Eating for Life

A zest for senior living

Eat as if your life depends on it.

For senior adults, losing interest in food can mean the difference between good and ill health.

Sometimes the lack of interest is a result of losing a companion who shared a life - and the meals.

Sometimes it's the physical challenge of shopping and cooking that makes meal planning unappealing.

And sometimes food just doesn't taste as good as it once did, because as we age our taste buds become less able to distinguish between certain flavors or sense thirst.

"I just don't cook for myself. It's not that much fun," admits 87-year-old Florence Hoogesteger, a resident of John Knox Village, a 420-acre retirement community in Lee's Summit.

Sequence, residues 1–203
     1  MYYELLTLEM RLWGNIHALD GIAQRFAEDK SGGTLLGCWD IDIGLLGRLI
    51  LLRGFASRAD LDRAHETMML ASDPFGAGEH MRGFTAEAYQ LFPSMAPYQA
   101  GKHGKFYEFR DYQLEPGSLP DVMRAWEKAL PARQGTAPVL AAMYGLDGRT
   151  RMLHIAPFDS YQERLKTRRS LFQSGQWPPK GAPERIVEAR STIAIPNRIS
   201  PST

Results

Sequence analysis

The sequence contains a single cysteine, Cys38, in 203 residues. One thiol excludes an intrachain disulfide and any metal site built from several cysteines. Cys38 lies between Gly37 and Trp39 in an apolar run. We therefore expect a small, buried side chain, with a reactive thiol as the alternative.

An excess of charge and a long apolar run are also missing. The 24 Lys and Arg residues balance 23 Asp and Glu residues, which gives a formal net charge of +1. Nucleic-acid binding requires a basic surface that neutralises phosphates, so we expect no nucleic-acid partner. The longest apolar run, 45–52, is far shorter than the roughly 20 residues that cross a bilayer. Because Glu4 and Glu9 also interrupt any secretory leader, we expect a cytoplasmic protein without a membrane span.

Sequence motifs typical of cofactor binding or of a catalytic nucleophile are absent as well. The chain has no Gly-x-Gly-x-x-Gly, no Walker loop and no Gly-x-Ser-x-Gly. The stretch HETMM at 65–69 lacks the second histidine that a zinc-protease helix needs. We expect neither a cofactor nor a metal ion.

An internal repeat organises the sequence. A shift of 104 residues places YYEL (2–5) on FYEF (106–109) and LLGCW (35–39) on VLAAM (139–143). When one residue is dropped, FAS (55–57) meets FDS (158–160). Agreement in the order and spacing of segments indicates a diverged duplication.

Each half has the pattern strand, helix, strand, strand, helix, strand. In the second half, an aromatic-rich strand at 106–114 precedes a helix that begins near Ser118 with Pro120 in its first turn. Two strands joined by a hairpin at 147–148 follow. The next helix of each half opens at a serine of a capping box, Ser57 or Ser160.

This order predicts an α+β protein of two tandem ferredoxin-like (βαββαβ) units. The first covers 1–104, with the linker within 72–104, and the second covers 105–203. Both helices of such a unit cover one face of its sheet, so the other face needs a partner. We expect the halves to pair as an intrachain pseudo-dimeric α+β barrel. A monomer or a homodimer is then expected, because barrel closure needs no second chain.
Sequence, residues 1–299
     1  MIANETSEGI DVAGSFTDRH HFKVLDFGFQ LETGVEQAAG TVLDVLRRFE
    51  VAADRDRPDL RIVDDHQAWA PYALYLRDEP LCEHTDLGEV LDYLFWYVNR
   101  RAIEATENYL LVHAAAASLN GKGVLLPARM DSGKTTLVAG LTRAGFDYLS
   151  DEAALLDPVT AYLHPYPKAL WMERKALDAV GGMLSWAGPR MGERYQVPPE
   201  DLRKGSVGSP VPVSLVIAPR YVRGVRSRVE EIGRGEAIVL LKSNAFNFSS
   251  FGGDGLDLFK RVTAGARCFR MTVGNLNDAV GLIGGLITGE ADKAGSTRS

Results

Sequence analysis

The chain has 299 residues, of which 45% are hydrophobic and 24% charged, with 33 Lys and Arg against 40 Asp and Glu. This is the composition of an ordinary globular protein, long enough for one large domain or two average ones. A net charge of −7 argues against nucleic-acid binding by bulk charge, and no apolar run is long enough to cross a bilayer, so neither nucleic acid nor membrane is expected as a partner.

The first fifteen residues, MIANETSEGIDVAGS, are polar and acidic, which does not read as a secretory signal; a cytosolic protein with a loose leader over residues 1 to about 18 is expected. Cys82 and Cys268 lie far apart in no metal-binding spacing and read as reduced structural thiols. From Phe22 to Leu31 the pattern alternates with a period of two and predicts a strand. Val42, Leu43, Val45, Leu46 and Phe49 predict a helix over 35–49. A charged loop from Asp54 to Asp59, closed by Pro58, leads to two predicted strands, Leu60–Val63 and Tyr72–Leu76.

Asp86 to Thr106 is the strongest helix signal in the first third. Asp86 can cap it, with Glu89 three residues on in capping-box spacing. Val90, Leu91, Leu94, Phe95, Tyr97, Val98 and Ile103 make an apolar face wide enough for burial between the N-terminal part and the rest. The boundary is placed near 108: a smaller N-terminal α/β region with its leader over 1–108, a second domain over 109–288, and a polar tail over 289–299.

The journal Health Affairs found that adults older than 65 make up one-fourth of the obese population in the United States. By age 75, one-fourth of all seniors have become sedentary.

We finish with well-balanced, easy-to-prepare recipes made from seasonal ingredients found in a well-stocked supermarket. All recipes include a detailed analysis.

It's important to keep the body fueled for a lifetime. The only trick is learning new ways to cook, eat and share a meal. Eat our Honey Mustard Chicken and Carrots one night and save half for the Chicken and Vegetable Soup with Barley. The soup, which is loaded with fresh vegetables and fiber, makes enough for six servings. Package them in smaller portions and freeze for the future. Or call your friends over and share the pot of soup instead.

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